The minuses from Paris include Putin’s unwillingness to discuss withdrawal of foreign forces and equipment, and his refusal to hold elections under Ukrainian law and OSCE supervision. Zelenskyy’s commitment to incorporate the Steinmeier Formula into Ukrainian law will spark bitter opposition from many in Ukraine. Many see this as a step towards achieving Putin’s goal of creating a Russian Trojan Horse in Ukraine by changing Ukraine’s constitution to give “special status” to the occupied regions of eastern Ukraine. Zelenskyy also missed an opportunity when he failed to bring up the very real repression of the Ukrainian language and religion in Crimea and occupied eastern Ukraine in response to Putin’s fake news claims of “infringements against Russian-speakers in Ukraine.”
The worst-case scenario that many feared did not happen: Zelenskyy did not cross any “red lines”. Moreover, he publicly declared that Ukraine cannot accept the provision of the Minsk accords stipulating that local elections be held in occupied eastern Ukraine before the Ukrainian authorities regain control of the border. Instead, he proposed revising this aspect of the Minsk accords.
Zelenskyy recognizes that this clause is impossible for Ukraine to fulfill without betraying the country’s national interests, and the fact that German Chancellor Angela Merkel supported his proposal inspires optimism. However, Putin’s rejection of this idea and his speech remind us of Russia’s own objectives: to legalize its proxy “republics” in the Ukrainian legal system with Ukraine footing the bill, and to foster Ukraine’s internal instability, which would hinder the country’s movement towards the EU and NATO. Leaked emails from Putin’s advisor Vladislav Surkov, who, according to journalists, behaved aggressively during this week’s Normandy Four meeting, leave no doubt that the text of the Minsk accords was specifically crafted to achieve these goals.
The Paris meeting underlined that Russia and Ukraine remain far apart in their visions of a post-conflict settlement. Ukraine wants to resolve the conflict and reintegrate Donbas; Russia wants to make the conflict permanent, and thus insists on a verbatim implementation of Minsk in order to enable this outcome. There is no obvious solution to these directly opposed objectives, and that is why we should not have high expectations for an end to the war anytime soon.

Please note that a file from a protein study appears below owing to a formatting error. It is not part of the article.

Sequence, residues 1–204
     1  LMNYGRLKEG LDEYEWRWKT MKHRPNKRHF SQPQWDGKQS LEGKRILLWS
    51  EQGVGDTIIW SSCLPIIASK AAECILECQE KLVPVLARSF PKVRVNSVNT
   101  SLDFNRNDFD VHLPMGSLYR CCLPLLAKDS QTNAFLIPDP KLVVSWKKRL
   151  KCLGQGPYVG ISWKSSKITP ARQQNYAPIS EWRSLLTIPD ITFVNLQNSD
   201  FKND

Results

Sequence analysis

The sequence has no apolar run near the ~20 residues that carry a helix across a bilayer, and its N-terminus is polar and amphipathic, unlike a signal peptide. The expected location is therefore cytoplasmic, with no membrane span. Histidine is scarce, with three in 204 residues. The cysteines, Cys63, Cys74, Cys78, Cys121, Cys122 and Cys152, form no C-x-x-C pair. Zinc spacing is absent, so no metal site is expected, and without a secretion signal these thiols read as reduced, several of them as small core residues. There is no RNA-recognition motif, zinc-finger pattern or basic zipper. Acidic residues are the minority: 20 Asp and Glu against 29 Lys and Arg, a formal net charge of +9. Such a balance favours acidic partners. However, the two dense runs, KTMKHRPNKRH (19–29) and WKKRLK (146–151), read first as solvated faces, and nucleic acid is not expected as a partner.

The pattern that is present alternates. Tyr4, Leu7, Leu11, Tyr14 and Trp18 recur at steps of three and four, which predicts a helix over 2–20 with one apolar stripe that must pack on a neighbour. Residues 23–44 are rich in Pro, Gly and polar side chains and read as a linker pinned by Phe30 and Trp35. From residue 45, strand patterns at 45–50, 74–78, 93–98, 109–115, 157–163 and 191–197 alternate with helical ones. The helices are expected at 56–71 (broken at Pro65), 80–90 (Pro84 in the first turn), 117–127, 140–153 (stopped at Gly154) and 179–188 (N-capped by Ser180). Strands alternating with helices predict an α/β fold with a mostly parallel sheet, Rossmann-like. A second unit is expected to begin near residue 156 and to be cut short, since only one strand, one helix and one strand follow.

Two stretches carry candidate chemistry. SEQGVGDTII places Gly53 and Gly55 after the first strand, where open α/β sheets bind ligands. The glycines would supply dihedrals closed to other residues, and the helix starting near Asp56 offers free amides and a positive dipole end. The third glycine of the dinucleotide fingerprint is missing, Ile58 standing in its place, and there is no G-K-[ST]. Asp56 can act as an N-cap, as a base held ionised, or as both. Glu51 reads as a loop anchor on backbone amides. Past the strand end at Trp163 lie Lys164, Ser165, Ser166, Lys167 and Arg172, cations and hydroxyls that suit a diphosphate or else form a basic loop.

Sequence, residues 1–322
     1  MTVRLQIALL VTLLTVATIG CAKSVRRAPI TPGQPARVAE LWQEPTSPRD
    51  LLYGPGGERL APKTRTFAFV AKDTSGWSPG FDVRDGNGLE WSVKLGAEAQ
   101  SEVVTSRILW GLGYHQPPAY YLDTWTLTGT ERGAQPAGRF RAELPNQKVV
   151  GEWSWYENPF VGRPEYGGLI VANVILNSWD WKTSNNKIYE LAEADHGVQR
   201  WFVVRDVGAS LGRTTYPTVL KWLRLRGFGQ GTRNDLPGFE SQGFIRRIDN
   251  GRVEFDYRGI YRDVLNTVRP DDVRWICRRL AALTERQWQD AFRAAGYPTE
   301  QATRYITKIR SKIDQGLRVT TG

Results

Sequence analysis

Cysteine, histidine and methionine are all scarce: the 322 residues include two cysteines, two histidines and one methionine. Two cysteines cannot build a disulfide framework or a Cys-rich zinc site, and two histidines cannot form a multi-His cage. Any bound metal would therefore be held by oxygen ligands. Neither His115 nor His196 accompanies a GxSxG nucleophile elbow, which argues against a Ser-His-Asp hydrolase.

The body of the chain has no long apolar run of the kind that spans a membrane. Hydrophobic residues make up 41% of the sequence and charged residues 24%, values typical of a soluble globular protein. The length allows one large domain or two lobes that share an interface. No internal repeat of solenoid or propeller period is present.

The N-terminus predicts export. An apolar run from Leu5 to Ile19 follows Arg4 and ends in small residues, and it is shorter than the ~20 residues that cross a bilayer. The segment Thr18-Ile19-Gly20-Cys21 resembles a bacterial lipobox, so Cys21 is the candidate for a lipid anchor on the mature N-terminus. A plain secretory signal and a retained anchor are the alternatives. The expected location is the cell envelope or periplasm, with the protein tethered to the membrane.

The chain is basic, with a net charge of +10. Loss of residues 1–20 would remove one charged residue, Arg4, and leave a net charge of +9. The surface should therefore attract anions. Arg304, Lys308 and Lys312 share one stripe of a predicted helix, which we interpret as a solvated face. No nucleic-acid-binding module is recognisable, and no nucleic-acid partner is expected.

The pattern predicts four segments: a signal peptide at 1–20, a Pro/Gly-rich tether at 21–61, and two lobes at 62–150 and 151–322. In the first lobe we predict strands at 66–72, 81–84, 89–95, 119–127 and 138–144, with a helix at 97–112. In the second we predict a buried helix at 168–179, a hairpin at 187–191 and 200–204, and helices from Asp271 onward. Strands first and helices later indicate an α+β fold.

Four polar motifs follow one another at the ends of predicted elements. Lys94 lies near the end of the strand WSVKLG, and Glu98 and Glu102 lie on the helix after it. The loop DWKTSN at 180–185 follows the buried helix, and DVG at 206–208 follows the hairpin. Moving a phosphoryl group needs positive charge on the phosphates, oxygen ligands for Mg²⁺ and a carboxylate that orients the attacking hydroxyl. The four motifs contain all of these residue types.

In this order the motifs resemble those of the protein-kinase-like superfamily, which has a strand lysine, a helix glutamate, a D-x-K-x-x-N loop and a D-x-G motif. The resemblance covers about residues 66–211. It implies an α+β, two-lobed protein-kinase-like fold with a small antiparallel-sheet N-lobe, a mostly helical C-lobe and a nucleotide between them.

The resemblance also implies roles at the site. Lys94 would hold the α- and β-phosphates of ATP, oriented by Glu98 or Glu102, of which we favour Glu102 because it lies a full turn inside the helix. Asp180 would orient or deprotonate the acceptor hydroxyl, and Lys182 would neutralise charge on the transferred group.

Maksym Eristavi, Research Fellow, Eurasia Center, Atlantic Council:
Although not as groundbreaking as those caught up in Europe’s only ongoing war might have liked, the Paris peace talks brought hope to millions suffering from the Russian invasion of Ukraine. Back in Kyiv, there is a lot of political discord over direct peace talks with Russia, but these debates often ignore the fact that according to recent polls, around 75% of Ukrainians support President Zelenskyy’s efforts to engage directly with the Kremlin for the sake of ending the violence. There remains a huge gap between Putin’s promises and his actions. He has lied, misled and betrayed his commitments many times before. I do not, therefore, take anything agreed in Paris this week as a done deal until I see the Kremlin actually following through.
Andreas Umland, Senior Fellow, Institute for Euro-Atlantic Cooperation:
Perhaps the most important development in Paris was President Zelenskyy’s identification of full Ukrainian control over the border as a precondition for the implementation of the now accepted Steinmeier Formula. The second Minsk agreement’s proposition of closing the border only after local elections in the occupied territories was always contentious. It would mean the de facto presence of two competing states while elections took place. This would not have boded well for the vote’s administration, fairness, security, openness and freedom.
Something like that was possible in the GDR’s last Volkskammer elections of March 1990 when the soldiers, staff and families of the Soviet Army in Germany, altogether about 500,000 Soviet citizens, were still present in East Germany. At that point, the GDR was not yet fully sovereign and was still formally a member of the Warsaw Pact. However, before the last GDR elections took place, the USSR had abandoned the Brezhnev Doctrine. Moreover, in late 1989 and early 1990, East Germany had experienced a Velvet Revolution as well as partial regime transition, while internal democratization was underway in contemporary Moscow.
The circumstances in today’s eastern Ukraine and across the border in Russia are strikingly different. The need to revise the terms for elections in the occupied territories could now lead to a Minsk III agreement. Any new agreement would have to lay out clear sequencing and remove many of the clauses from Minsk I and Minsk II that are now obsolete.